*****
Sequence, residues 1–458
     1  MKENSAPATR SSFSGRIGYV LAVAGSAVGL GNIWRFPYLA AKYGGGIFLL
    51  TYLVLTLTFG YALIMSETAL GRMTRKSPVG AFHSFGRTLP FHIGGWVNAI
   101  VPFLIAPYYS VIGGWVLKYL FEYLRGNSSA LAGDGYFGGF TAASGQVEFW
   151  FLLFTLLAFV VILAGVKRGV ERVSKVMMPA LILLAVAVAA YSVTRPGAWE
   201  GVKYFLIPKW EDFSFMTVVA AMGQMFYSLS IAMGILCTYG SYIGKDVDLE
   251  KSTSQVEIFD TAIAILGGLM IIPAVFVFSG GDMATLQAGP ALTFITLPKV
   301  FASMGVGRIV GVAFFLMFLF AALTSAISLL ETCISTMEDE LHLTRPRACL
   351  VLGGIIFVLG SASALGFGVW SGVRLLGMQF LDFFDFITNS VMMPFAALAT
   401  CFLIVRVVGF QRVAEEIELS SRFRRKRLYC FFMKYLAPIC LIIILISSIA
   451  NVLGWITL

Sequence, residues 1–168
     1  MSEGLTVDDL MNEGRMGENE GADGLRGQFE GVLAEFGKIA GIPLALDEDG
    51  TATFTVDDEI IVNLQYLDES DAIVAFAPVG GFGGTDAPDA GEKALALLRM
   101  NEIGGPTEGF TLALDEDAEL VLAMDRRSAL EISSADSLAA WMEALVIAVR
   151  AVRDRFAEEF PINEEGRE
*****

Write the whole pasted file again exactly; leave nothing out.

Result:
Sequence, residues 1–458
     1  MKENSAPATR SSFSGRIGYV LAVAGSAVGL GNIWRFPYLA AKYGGGIFLL
    51  TYLVLTLTFG YALIMSETAL GRMTRKSPVG AFHSFGRTLP FHIGGWVNAI
   101  VPFLIAPYYS VIGGWVLKYL FEYLRGNSSA LAGDGYFGGF TAASGQVEFW
   151  FLLFTLLAFV VILAGVKRGV ERVSKVMMPA LILLAVAVAA YSVTRPGAWE
   201  GVKYFLIPKW EDFSFMTVVA AMGQMFYSLS IAMGILCTYG SYIGKDVDLE
   251  KSTSQVEIFD TAIAILGGLM IIPAVFVFSG GDMATLQAGP ALTFITLPKV
   301  FASMGVGRIV GVAFFLMFLF AALTSAISLL ETCISTMEDE LHLTRPRACL
   351  VLGGIIFVLG SASALGFGVW SGVRLLGMQF LDFFDFITNS VMMPFAALAT
   401  CFLIVRVVGF QRVAEEIELS SRFRRKRLYC FFMKYLAPIC LIIILISSIA
   451  NVLGWITL

Sequence, residues 1–168
     1  MSEGLTVDDL MNEGRMGENE GADGLRGQFE GVLAEFGKIA GIPLALDEDG
    51  TATFTVDDEI IVNLQYLDES DAIVAFAPVG GFGGTDAPDA GEKALALLRM
   101  NEIGGPTEGF TLALDEDAEL VLAMDRRSAL EISSADSLAA WMEALVIAVR
   151  AVRDRFAEEF PINEEGRE